kind of conversion between the CPU and memory.

# e.g., int a = -2, b = 3, c = 4, d;
# d = b - c;
#
# Here, is 'a' stored as two's complement of '2'?
# or
# is '-c' (two's complement of c) computed on the fly and the resulting
# value is added to b ( b + (-c))?

Depends on the CPU. Some old CPUs (like PDP- didn't have a
subtract instruction. Instead they would zero the accumulator,
add c, complement and increment c, and then add b, then store
in d while clearing the accumulator.

There's also constant folding. An optimising compiler would
see that in this fragment
d = b-c
b = 3
c = 4
d = 3-4
d = -1
and do the entire computation during compilation. All that
might be left is a store of -1 into d.

--
SM Ryan http://www.rawbw.com/~wyrmwif/
A bunch of savages in this town.

Malcolm
Guest
Posts: n/a

 08-28-2005

"Greenhorn" <(E-Mail Removed)> wrote
>
> I intended to ask how the machine's which use two's complement deal
> with these.
>

Virtually every machine uses two's complement, and it is reasonably safe to
assume that you have it on the rare occasions when you need to access bit
values directly.
However it is not the only possible method for representing negative
numbers. Floating-point formats, for example, almost always use a flag bit
to represent a negative.
C doesn't make any requirements, though it is implict that the C
representation will also be the underlying hardware representation.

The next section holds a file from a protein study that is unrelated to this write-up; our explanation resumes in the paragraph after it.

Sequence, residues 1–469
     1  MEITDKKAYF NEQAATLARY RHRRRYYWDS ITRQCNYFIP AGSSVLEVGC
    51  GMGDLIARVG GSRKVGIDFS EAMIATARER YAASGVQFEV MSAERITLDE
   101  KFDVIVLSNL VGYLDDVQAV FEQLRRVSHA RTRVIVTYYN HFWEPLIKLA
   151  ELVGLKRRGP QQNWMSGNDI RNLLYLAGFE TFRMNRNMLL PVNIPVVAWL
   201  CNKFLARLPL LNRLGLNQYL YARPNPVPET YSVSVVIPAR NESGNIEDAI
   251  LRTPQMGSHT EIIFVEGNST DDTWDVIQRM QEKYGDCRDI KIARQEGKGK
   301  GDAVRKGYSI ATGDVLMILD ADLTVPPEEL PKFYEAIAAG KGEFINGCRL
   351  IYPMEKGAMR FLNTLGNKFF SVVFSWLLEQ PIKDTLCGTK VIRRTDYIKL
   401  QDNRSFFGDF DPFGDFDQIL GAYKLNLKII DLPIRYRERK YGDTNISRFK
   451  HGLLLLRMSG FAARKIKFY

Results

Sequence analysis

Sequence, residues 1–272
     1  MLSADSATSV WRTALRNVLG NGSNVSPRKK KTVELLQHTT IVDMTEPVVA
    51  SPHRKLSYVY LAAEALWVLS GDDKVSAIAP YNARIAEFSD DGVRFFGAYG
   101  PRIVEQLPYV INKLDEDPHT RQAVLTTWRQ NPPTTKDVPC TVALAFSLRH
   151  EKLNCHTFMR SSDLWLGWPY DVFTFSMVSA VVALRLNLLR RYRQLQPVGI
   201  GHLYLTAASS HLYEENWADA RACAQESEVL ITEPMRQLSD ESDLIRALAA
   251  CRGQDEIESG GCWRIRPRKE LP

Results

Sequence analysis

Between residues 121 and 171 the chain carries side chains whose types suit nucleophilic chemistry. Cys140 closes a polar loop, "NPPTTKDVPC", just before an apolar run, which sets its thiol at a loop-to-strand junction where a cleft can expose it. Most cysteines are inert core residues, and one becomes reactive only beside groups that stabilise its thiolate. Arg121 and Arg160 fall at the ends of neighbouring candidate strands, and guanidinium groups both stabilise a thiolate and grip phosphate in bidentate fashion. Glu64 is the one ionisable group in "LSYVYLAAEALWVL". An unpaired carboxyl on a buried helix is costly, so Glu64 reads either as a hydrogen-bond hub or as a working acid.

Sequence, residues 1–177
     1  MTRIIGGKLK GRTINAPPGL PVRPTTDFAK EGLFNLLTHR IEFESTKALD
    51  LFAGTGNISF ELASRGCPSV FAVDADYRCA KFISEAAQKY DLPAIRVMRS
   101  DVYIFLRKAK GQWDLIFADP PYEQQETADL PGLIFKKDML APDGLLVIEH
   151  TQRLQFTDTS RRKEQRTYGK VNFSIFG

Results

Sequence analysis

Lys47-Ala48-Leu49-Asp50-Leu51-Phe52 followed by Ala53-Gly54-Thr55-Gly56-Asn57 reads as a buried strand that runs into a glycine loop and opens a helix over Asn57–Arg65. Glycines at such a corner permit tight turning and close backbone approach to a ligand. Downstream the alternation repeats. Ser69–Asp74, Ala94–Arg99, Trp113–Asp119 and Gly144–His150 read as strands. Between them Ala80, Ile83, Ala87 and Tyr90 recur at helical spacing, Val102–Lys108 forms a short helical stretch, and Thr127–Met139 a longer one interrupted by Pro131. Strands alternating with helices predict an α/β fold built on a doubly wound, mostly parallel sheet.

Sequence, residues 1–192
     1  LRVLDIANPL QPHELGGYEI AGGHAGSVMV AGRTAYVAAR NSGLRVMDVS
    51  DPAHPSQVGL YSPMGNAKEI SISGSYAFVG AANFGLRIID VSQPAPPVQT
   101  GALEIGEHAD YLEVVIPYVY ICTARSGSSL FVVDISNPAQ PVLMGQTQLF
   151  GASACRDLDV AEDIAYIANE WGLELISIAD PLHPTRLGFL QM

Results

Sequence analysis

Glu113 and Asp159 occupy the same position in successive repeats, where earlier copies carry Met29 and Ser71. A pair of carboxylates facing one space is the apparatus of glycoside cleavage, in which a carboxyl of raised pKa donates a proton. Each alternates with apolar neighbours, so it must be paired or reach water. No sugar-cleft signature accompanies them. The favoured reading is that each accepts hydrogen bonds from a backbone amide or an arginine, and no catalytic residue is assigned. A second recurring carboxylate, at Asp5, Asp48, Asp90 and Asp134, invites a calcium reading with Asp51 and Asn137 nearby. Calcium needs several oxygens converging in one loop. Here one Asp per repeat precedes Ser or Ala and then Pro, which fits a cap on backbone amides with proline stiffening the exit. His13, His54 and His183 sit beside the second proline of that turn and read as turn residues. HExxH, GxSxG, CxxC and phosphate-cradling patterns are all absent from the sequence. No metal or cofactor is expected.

>
> You say that most processor's today have subtract instruction, do they
> have a circuit for computing subtraction or do they internally use some
> thing like two's complement in evaluating the expression (e.g., b - c)
>

When you say "most processors" do you mean "the processor which my learner C
program is likely to run on" or do you mean "the randomly-selected processor
from the set of all in existence"? Most processors are not 3 giga hertz
Intel jobs that sit in PCs, but little embedded control devices that keep
fridges at the right temperature or make the dolly cry when her dummy is
removed. C is a major language for programming these chips.

You can get away without a "subtract" instruction by using the procedure
complement. So the C expression x = a - b might well resolve to those three
machine language instructions. If you have a dedicated "subtract"
instruction, the complier will usually use it in preference, because the
chip designers include it to speed things up. On a PC, there will always be
a subtract instruction. On a little embedded device, maybe not.

Lawrence Kirby
Guest
Posts: n/a

 08-31-2005
On Fri, 26 Aug 2005 07:33:09 -0700, Greenhorn wrote:

> Hi,
> yes you are correct that two's complement was used to reduce to the
> costs involved in putting another circuit for performing a subtraction
> operation.

support subtraction using 1's complement. It is even easier with
sign-magnitude since all you have to do is flip the sign bit of the value
you are subtracting.

The reasons for using 2's complement are different. For example when the
result is represented using the same width as the operands 2's complement
addition and subtraction use the same bit manipulations as unsigned
addition and subtraction, just with different conditions for overflow.
This means that the hardware doesn't have to support different
instructions for signed and unsigned arithmetic.

> I had to switch to the hardware level as the answer by
> 'lawrence' says that today there are machines which do support
> subtraction , i wasn't sure if he meant that with those machines there
> is no need of something like two's complement notation.

Numbers have to be represented in one form or another. Compilers
for machines that support a subtraction instruction will generally use
that instead of some sequence of negation and addition, because it is
likely to be more efficient. OTOH the compiler could generate negation and
addition if it wants to, as long as the code works it doesn't matter as
far as C is concerned.

Lawrence